Ploughing matches are hardcore spring time events in Wales
Norwegian Fiord ponies are immensely strong for their size, but even they struggled a bit with the hard ground.
When I say I have a fascination for all things vintage, I think you can include fine red wines in that category, too. After a productive day there really is nothing better than sitting down and enjoying the smooth, rich taste of a nice bottle of Bordeaux. The best place to have this moment of indulgence is out at the back of our house, beside the babbling brook, whilst the evening sun slips down behind the hills, leaving just the silhouettes of the birch trees and the sounds of wood pigeons in the distance ...
Anyway, one moment it was like that, and then I am waking up with a thumping headache, recalling with horror that I’ve agreed to go to a ploughing match at the crack of dawn with my brother Bob. Even at this unearthly hour the sun is piercing, and luckily I have the foresight to grab a pair of sunglasses before slipping quietly out of the door, trying to leave without waking the sleeping children and their dad. Because I live up a very steep and winding lane, and because my brother will be hauling a trailer, we have arranged to meet at a convenient crossroads, further down my lane.
As I lean against a wall waiting for my brother to turn up, I ask myself if I’m doing the right thing by spending my precious Saturday at a ploughing match. You see, ploughing matches are strictly hardcore: It’s all about ploughing and that’s pretty much it. This is great if the event happens to take place on a nice warm day, but since the ploughing season takes place in the spring and autumn, the sun is by no means guaranteed.
We’re headed to the most western point of the Llyn Peninsula, at the end of a little strip of land in North Wales that points out across the Irish Sea. Aberdaron, the little village where the match is to be held, is closer to Ireland than it is to England, and on a clear day you can see the Wicklow Mountains of Ireland in the distance, some 40 to 50 miles away across the Irish Sea. The Llyn Peninsula is a beautiful area, with rolling fields, sandy beaches and wild craggy cliffs. But on the wrong day it can be a cold and desolate spot, as there is very little shelter from sea winds in this the very tip of northwest Wales.
Early last winter Bob bought a Bristol crawler. Like most of us do when we buy something we don’t need, he tried to convince himself that it would be “a useful machine,” but deep down he knew, and we knew, that it was really a big boy’s toy. Having said that, he has done some work grading tracks with it, so it has earned him a bit of money. Last winter we had a lot of snow, and Bob enjoyed a spot of snow ploughing with the crawler, but when the real ploughing season started, he removed the blade to see how the crawler would work in a ploughing match.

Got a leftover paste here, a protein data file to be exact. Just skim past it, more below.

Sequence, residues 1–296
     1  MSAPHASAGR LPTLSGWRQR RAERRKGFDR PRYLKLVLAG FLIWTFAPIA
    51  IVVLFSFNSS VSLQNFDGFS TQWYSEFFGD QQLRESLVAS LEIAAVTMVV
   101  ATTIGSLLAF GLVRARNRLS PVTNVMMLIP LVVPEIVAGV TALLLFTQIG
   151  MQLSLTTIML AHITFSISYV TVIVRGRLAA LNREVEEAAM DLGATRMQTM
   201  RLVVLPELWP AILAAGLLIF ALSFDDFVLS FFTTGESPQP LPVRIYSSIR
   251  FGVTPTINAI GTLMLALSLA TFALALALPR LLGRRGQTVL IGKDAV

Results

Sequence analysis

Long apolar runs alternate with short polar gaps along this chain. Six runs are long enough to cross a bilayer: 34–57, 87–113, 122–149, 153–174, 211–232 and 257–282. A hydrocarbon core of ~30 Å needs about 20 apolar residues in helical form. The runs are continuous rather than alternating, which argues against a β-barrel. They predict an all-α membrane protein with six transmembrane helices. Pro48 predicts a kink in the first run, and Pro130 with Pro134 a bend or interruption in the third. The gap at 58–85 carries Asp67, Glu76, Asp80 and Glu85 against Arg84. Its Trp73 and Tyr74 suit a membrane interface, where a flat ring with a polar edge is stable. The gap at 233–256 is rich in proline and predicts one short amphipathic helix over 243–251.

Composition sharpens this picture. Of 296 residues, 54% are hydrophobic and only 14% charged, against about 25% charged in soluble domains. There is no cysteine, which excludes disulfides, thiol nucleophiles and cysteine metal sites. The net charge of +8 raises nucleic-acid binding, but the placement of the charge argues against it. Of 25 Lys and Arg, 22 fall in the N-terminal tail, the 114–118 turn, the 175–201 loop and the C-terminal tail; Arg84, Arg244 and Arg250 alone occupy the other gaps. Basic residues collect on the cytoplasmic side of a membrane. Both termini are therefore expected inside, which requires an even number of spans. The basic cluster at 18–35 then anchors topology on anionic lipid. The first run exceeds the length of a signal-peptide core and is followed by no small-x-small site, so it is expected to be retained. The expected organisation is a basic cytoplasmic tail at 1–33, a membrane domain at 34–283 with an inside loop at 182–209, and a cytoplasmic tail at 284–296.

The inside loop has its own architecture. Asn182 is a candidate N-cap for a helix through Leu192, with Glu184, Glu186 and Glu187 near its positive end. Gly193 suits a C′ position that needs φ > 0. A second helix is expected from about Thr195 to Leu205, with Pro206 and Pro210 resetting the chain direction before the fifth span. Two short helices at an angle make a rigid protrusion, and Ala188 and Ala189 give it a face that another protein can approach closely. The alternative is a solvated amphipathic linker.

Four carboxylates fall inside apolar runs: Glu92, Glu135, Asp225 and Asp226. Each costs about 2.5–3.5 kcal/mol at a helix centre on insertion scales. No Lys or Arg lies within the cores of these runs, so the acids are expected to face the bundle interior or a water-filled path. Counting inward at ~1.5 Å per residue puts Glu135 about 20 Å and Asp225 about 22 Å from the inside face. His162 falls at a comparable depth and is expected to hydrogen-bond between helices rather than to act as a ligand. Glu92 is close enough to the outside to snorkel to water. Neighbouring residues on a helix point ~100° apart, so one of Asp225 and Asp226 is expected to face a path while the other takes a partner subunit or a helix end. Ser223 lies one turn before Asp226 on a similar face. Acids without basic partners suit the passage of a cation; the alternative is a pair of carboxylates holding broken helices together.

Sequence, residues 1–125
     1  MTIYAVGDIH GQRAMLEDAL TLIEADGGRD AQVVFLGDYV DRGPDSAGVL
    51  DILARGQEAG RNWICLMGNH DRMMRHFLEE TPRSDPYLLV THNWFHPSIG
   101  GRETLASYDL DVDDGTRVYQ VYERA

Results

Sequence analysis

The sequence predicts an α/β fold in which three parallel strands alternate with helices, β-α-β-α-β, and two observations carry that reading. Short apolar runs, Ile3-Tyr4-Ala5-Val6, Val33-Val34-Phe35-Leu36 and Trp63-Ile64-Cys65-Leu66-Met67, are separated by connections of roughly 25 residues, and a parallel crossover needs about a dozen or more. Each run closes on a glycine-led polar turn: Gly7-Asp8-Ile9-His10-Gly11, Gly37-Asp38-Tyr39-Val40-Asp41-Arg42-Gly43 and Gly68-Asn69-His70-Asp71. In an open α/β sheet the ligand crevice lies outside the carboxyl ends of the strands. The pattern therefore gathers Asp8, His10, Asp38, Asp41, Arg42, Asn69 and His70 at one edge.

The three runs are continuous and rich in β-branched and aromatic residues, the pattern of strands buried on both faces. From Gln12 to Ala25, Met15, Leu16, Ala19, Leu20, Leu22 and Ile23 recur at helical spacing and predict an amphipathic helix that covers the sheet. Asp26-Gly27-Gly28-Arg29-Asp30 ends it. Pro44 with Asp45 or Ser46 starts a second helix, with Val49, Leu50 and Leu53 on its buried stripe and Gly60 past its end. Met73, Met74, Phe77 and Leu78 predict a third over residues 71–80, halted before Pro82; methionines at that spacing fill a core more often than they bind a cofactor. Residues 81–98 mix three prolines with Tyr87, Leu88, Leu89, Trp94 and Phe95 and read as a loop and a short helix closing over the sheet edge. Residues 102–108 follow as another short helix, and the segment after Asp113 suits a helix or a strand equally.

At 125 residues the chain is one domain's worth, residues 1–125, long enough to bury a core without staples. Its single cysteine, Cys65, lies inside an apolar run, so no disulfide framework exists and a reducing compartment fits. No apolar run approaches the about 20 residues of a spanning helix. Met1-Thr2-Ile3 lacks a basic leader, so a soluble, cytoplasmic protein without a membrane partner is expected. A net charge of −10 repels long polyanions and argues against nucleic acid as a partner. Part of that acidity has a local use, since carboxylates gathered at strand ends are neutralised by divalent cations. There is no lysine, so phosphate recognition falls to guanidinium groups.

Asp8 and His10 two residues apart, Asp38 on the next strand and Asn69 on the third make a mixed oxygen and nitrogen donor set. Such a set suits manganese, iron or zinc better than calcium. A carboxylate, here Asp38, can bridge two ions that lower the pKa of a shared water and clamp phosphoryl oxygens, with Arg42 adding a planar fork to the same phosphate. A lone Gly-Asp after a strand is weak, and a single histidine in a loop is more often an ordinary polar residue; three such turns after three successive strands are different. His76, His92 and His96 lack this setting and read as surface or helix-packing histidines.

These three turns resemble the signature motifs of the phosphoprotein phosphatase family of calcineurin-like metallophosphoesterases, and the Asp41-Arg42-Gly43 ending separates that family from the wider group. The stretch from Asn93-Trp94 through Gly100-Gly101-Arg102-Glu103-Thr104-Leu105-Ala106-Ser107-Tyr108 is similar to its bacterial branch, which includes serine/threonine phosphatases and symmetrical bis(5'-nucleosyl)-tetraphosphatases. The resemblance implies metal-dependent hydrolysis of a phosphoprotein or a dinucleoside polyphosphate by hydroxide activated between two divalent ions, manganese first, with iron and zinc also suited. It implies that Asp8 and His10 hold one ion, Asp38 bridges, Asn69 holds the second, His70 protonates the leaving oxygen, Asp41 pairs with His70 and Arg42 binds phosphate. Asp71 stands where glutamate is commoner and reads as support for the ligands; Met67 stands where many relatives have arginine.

This particular crawler – a Bristol PD Angledozer – is a bulldozer with no hydraulics on the rear to attach a plough to. Therefore the only sort of plough that Bob can use is a trailer plough, which means that for ploughing match purposes Bob is in the “Pre-1966 Vintage Trailer Plough Class.” In this class both the plough and the tractor must pre-date 1966, which is fine as the crawler dates to 1962-’63.
Bob came around the corner driving his Mercedes Unimog with the plough on the back and the crawler on a trailer behind, and into the left hand side of the Unimog I jump. Of course in Britain we drive on the left, so our vehicles are right-hand drive, but the Unimog is German, so it is a left-hand drive machine, which makes oncoming drivers on a small lane think that the passenger is actually the driver. When the passenger happens to be a 3-year-old boy, people are open-mouthed. You can almost see them thinking, “My word, there’s a tiny kid in charge of that huge machine – and he’s not even looking where he’s going!”
The Unimog is high up and it allows you to peer over hedges and generally have a good nosy into people’s gardens as you pass. But it is rather a noisy and lurching thing, because after all it is a tractor. It might look like a truck, but it is classed for registration purposes as a tractor. It has hydraulics, power take-off, and more gears than you can shake a stick at and although it is not quite as manoeuvrable as a tractor, it can do pretty much everything that a tractor can do. In many ways it is more convenient than a tractor as it has space on the back to carry a small load, and it has a Hiab (a piece of lifting equipment), which means Bob is able to carry his trailer plough right on the back of the Unimog itself.
At the ploughing match I sit in the cab having a cup of coffee from my flask whilst Bob unloads. “Ah, the beauty of being just a spectator,” I say to myself as I put my feet up on the dashboard. Lazy, I know, but he’s got the unloading and loading of tractors off to a fine art and he doesn’t particularly seem to want or need my assistance.
This match is held in a part of the world where earth banks are commonplace as farm boundaries. Usually there is a fence or a hedge along the top of these banks. The idea is that in a windswept place, the banks offer shelter to crops and livestock. Traditionally the banks were made by hand, but frequently these days they are repaired (or even built from scratch) by farmers with their diggers.
This match is one of the few places where bank repair competitions are held. There is a class for those who repair a bank by hand (using stone) and another for those repairing a turf bank by mechanical means. Today fencing competitions will also be held to see who can erect the tidiest, tightest and straightest fence in a given time.
Competitors start ploughing after they have registered at about 9:30 a.m. The “opening” of the ploughing plot is tricky – it must be straight of course, and if you get this wrong it can mess things up for the rest of the day. The judges inspect the opening of the plot, and the first six furrows have been ploughed on either side of the opening. This initial section is referred to as the “crown.”